Bush thinks he owns the White House

I’m gonna lay it out.

Just because Daddy bought you votes and the Supreme Court does not mean you literally own the title to the White House. That is still the People’s house and a few million of my more moronic Americans (and some of Daddy’s cash) are simply allowing you to stay there.

I’ll put it in little words so you can understand: When the public wants to know who is visiting the White House, the public gets to know who is visiting the White House. No one should have to file court papers to get public papers to a public building into the public. You do not have the right to tell the American people what is public or not. You are just the president. You are not a lawyer. You are not the Justice Department, no matter how many asskissers you stock it with. You work for us.

You have less than a year in office. I know you’re pretty hard-headed and resistant to facts, but you had 7 years to figure this out and there is no excuse for your stupid, childish tantrums.

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12 thoughts on “Bush thinks he owns the White House

  1. “When the public wants to know who is visiting the White House, the public gets to know who is visiting the White House. No one should have to file court papers to get public papers to a public building into the public.”

    Ever heard of these things called government secrets? They’ve been around pretty much since governments came into being, and they are important. The public is not entitled to know everything the government does (nor everything the President does, nor everything that happens in a public building). If the public was entitled to know who enters a public building, then we’d have to announce whenever police informants visit the station (I don’t know about you, but frankly I think that’s a bad idea).

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  2. First off, I’m not saying post a list of visitors. I said, “when” for a reason. Maybe you haven’t followed the story, so you should look it up and learn a bit background first. Secondly, yes…when policy is being enacted by people who get access to the president and we are told that we’re “un-American” for questioning said policy, I think the public has the right to know.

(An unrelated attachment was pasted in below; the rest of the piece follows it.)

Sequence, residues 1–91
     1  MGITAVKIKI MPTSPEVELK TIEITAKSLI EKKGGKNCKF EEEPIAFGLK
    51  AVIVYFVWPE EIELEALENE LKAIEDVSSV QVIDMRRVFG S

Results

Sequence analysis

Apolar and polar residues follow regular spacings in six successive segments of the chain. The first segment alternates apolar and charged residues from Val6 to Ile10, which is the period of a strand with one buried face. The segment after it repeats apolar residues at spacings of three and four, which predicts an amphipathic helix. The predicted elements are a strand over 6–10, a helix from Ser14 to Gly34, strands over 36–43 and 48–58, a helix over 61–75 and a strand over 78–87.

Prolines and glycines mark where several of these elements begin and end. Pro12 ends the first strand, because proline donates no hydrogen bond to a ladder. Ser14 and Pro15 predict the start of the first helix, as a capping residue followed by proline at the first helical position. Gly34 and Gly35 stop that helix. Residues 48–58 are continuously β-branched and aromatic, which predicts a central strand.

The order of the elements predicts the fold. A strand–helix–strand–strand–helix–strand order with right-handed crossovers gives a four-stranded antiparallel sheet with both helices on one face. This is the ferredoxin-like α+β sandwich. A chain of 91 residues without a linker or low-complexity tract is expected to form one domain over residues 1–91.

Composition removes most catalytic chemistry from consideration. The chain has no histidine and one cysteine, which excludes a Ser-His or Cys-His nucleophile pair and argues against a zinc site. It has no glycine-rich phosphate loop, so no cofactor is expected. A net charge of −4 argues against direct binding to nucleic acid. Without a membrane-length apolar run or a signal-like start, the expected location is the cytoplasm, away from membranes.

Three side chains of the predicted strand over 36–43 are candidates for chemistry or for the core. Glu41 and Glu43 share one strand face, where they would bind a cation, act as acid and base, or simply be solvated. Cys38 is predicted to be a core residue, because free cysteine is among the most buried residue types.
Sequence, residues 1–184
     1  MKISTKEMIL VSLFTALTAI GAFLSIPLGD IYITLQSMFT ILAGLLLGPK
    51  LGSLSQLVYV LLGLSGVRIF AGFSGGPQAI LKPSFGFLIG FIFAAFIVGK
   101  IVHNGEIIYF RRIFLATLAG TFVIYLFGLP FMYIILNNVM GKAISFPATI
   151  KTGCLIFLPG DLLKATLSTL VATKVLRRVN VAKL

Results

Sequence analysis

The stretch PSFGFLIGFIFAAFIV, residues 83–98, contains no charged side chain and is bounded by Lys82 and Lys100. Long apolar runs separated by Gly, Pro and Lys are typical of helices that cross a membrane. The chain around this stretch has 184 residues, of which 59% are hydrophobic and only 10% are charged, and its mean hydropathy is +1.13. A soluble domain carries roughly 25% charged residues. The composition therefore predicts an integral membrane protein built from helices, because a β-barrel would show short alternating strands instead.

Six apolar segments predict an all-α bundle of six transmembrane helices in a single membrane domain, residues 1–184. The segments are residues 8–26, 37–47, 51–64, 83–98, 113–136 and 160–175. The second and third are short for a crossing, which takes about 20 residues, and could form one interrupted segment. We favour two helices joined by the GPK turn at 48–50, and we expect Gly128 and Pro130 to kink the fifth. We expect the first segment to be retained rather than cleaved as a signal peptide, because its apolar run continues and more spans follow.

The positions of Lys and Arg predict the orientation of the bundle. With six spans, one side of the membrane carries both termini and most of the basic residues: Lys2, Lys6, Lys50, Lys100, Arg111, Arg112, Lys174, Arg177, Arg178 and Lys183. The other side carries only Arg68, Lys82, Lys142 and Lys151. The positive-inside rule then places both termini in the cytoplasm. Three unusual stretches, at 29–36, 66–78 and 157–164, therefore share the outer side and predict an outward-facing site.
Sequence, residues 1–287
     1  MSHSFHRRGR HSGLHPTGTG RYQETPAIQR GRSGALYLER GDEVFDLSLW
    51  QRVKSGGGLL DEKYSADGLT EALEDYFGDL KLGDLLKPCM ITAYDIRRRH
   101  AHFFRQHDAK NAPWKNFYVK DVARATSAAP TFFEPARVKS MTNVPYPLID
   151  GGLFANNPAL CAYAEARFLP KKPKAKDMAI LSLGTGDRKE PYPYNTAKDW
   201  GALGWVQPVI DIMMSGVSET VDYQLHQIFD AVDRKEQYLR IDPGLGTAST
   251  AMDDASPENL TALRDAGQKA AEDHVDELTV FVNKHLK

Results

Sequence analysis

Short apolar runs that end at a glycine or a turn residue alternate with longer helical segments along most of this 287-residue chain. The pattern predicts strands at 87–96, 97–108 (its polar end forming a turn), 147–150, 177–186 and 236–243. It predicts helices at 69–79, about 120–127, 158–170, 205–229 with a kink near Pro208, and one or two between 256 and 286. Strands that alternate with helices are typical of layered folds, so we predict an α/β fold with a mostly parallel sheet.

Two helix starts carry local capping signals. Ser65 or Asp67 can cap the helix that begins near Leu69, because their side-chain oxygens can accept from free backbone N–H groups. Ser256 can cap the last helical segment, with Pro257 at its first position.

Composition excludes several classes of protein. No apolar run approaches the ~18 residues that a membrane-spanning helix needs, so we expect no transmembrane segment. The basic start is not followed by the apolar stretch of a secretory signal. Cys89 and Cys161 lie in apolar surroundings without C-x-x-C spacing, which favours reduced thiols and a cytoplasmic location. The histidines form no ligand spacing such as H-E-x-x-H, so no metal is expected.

You may be happy being told what to think and how to think it, but if my gov’t is going to tell me that they have transparency, then going to court or destroying/losing files (emails, CIA tapes, whatever) because you want to keep a secret pretty much means you’re probably doing something illegal.

    And finally, the WH is not a police station. The WH is not a law enforcement agency, no matter how much chest beating comes out of there.

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  3. “First off, I’m not saying post a list of visitors. I said, ‘when’ for a reason.”

    The public does not have a right to know. If the public suddenly demands to know the location of our missile deposits, would you have the government grant it to them? A government needs to have secrets to function effectively.

    “then going to court or destroying/losing files (emails, CIA tapes, whatever) because you want to keep a secret pretty much means you’re probably doing something illegal.”

    Essentially, what you’re saying here is that, if you’re taking steps to keep a secret, you must be doing something wrong. This is simply false; again, the public is not entitled to know everything the government does; secrets are necessary if any semblance of security is to be maintained.

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  4. You can be coy. I don’t do coy. Missile deposits…snort…I can’t believe I actually had to read something so stupid. Yep, that’s the same as visitor logs. Exactly. I’d hate to have to repeat myself a 3rd time. So, you can just reread my previous post.

    And just from reading your posts here, I wouldn’t be surprised if you’re for torture and the gov’t spying on Americans (via phone or email) all in the name of your twisted sense of “security”, though you’d probably just deny it. Or maybe you’re okay with the gov’t keeping secrets. I’m sure you felt the same way when Clinton was president. Right?

    It’s kind of sad, that I’m actually talking to someone who is full support of bin Laden’s policy for the US. After all, didn’t the WH keep saying, “They hate us for our freedoms.” Well, the WH fixed that, they just kind took away those freedoms. Congrats bin Laden. Americans think it’s okay to keep a secret and if you are, you’re not necessarily doing anything wrong. Unless, it’s only if a Republican is keeping the secret. Is this partisan?